A bit late to say 'Happy New Year'

Here we are almost ¼ of the way through 2015 and no comments from me... let me put things into perspective.

TCs had dropped to a slower flow and sometimes whole months would go by and nothing at all would be seen. That altered recently and I have about 7x devices to work on.
However, more and more of the TCs I am now seeing have faults that defy diagnosis. The TCs that I now see are mostly running the DELTA PSUs and the faults are odd and difficult to fix.

I seemed to predict what Apple would do, many years ago when having a rant on the Support Forum (run by Apple).

I predicted that Apple would not recall beyond the narrow band of numbers that we saw in 2010.
That they would beef-up the PSU ‘a bit’,
that they would make the electronics run with lower power requirements,
which would therefore be cooler,
which would therefore be less stressed,
which would therefore not break down so often...
and eventually a new design would hit the streets and overheating would be a thing of the past.

I was right. That is exactly what they did.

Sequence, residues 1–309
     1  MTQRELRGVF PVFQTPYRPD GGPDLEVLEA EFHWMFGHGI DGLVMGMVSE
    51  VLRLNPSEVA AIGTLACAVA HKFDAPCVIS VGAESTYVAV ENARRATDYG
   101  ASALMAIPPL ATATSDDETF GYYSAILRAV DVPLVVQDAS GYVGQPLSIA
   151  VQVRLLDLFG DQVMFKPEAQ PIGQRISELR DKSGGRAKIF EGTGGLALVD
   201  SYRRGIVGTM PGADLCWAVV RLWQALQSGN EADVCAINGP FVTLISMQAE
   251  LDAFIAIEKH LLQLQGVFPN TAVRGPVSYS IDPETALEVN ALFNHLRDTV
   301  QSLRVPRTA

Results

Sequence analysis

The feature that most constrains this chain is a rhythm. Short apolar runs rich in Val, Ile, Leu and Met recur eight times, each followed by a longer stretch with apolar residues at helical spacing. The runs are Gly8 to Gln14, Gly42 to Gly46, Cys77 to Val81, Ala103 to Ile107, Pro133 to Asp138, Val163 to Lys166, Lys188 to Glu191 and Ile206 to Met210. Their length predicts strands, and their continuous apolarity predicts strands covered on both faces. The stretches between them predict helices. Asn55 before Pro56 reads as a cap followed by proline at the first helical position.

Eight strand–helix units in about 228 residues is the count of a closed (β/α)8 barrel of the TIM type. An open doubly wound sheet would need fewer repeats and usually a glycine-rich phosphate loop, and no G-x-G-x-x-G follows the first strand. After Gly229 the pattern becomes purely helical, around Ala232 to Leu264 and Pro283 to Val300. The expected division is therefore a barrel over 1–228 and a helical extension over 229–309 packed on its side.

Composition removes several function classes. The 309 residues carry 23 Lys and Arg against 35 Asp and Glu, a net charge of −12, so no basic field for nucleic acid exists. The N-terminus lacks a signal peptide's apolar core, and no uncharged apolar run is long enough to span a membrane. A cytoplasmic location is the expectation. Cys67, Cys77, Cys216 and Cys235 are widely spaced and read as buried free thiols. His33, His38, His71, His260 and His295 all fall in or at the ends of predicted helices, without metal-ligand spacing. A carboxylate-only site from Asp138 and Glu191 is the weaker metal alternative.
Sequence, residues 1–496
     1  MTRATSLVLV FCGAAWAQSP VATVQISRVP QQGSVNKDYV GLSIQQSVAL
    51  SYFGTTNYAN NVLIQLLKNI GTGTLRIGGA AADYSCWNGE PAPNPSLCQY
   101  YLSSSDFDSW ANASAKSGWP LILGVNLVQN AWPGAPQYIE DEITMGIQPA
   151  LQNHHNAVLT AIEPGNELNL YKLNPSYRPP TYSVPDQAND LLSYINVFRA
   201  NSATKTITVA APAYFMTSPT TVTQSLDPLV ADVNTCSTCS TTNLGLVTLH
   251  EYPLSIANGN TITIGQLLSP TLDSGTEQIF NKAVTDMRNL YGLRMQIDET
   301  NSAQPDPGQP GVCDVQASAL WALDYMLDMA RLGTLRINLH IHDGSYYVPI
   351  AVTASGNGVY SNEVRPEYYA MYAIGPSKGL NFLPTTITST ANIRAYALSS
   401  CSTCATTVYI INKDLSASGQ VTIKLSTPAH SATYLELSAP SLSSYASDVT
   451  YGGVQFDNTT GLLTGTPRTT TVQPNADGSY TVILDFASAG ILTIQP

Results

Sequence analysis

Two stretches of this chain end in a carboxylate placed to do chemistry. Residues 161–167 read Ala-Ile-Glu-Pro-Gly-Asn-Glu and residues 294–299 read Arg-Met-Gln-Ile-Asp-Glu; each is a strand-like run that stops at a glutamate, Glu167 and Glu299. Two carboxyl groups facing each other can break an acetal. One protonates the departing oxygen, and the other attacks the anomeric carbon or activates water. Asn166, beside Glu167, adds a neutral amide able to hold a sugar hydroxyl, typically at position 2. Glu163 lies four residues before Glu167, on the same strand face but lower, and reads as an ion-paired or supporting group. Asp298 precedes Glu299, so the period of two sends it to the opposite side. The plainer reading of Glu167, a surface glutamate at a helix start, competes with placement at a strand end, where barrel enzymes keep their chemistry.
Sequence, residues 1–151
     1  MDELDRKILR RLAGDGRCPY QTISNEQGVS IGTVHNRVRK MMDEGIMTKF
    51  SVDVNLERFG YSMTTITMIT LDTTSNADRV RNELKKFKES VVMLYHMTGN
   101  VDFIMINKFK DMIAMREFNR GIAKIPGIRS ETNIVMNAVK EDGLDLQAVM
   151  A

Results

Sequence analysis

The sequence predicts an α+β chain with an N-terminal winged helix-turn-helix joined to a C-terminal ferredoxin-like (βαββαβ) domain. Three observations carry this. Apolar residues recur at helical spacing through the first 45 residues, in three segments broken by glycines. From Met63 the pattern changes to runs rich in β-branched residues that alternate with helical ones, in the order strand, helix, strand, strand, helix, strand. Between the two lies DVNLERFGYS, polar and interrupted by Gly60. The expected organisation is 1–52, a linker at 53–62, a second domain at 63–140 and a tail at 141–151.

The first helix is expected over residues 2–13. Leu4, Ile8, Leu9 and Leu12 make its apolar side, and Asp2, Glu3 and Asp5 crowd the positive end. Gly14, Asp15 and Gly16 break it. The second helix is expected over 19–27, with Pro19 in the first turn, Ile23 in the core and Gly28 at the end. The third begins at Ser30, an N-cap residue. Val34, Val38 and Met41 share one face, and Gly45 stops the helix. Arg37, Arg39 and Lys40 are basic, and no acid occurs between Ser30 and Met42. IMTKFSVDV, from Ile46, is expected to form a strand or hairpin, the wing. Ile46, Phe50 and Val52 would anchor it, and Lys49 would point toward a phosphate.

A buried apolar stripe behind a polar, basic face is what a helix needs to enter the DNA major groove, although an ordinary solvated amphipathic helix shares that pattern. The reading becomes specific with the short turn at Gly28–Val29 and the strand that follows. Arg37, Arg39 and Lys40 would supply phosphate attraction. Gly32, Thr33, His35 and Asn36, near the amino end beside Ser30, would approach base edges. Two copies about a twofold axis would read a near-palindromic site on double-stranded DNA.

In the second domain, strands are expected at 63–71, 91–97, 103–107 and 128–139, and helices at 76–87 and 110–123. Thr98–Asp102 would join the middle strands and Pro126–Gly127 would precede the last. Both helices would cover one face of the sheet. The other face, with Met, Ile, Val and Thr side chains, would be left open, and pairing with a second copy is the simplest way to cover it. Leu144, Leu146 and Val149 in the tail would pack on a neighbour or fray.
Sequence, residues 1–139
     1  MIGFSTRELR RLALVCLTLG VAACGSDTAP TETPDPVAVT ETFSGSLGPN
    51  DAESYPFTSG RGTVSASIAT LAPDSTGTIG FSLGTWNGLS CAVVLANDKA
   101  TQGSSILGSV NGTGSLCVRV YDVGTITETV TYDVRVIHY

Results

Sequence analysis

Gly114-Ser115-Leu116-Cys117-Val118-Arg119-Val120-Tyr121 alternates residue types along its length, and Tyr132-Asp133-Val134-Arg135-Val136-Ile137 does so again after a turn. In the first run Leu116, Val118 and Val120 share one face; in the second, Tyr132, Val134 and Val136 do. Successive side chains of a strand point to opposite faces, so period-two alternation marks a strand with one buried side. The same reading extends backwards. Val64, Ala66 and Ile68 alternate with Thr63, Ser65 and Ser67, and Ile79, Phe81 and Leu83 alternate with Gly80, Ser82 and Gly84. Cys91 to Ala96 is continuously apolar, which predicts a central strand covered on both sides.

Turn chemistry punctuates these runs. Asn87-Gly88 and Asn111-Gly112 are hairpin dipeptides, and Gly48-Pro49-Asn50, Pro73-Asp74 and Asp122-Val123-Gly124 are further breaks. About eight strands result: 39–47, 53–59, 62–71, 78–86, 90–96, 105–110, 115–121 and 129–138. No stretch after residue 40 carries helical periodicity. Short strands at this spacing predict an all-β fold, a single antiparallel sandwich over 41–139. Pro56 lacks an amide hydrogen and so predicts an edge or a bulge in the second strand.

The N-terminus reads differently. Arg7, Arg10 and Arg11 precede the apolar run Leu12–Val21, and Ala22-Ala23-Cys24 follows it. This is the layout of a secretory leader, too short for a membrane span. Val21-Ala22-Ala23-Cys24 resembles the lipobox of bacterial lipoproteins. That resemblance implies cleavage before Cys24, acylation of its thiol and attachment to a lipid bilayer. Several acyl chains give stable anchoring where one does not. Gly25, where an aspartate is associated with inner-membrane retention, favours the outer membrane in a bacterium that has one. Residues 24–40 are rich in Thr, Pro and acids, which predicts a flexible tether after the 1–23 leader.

The remaining TCs now have no obvious weak link in their design. The heat from which they all suffered no longer cooks the PSUs alone, since they have been made to be more sturdy (mostly they chose to install DELTA units over the FLEXTRONICS).

With that weakest link removed from the critical chain of component failure, something else became the weakest link and boy oh boy have some vile problems reared their heads!

Occasionally in the early days (2009 - 2010), I would get a cooked TC whose fault was beyond simple diagnosis.
To analyse any electronic circuit you really need to have the circuit diagrams before you, to know what the silicon does and how it connects to other components. With the various makes of control boards inside the TCs and no help from Apple, this is a very difficult task.